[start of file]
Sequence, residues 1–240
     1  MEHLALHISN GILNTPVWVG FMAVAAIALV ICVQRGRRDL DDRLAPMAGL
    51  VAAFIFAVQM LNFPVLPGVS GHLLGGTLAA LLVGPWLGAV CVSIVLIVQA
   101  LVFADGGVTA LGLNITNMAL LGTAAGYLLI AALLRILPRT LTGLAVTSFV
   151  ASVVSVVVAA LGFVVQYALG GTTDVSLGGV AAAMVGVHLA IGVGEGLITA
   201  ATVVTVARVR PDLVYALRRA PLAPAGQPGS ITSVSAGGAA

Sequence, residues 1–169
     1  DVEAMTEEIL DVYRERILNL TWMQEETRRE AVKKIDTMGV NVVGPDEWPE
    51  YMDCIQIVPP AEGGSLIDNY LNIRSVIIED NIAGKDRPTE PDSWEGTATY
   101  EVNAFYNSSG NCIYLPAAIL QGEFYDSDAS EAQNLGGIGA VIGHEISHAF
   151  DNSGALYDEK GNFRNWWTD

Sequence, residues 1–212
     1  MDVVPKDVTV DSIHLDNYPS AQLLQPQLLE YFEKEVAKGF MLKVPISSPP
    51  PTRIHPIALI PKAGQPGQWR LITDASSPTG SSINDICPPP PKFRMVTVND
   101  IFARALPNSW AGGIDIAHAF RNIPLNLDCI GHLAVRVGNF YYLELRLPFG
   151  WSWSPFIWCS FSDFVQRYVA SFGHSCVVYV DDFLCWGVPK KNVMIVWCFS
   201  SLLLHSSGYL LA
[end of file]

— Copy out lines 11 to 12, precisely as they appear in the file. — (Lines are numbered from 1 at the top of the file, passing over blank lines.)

   151  DNSGALYDEK GNFRNWWTD

Sequence, residues 1–212